The reality of the US 'departure' from Iraq is worthy of closer examination
As US combat units pulled back into Kuwait today, a single soldiers was spotted shouting "we won, we won." What has been won is perhaps the narrative that states, despite regular bloodletting, Iraq is a success that the US can depart from with honor.
Yet all is not what it seems. Firstly, some 50,000 troops will remain in Iraq from next month with an advisory and assistance title, but in reality the same capabilities as regular combat divisions.
Secondly, the US has helped create a massive domestic security infrastructure in the country made up of some 650,000 men, however as Lt. Gen. Babakir Zebari told a news conference in the Baghdad, "the U.S. army must stay until the Iraqi army is fully ready in 2020."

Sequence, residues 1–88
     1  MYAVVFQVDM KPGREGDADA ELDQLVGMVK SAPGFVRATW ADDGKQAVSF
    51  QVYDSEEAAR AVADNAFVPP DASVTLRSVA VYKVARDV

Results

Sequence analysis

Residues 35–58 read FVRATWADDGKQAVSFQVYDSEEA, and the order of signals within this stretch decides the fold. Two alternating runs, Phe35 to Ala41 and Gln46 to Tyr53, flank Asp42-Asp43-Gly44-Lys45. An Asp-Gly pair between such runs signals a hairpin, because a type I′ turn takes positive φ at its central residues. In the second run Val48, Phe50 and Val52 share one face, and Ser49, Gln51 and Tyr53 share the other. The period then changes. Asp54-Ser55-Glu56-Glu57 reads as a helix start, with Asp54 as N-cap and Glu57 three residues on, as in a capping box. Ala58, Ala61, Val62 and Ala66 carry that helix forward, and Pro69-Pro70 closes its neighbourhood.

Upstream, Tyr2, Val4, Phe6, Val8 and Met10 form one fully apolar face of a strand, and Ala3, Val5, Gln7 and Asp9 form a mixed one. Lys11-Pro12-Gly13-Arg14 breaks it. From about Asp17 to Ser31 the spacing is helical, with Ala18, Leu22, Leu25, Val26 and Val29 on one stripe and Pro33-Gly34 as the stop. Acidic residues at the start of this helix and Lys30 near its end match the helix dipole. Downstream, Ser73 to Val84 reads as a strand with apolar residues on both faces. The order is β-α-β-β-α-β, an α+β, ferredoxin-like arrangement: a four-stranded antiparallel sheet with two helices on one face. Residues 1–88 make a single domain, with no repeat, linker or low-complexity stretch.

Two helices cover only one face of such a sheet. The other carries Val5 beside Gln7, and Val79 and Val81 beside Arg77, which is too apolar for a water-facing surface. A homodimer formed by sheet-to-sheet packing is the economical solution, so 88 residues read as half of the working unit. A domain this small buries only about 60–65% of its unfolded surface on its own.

Such is the reliance of the nascent Iraqi military on US support that whenever a government is formed (five months and waiting) many suspect that the 'State of Forces Agreement' (SOFA) will be renegotiated to allow the US to help protect the internal flashpoints of Mosul and Kirkuk, and the looming external threat of a regional conflict with Iran.
The US will likely avoid a 'Saigon moment' in Iraq due to the 7,000 or so security personnel equipped with Blackhawks and MRAPs guarding the largest embassy on the planet, yet the reality of their long-term relationship with the country has yet to be determined.
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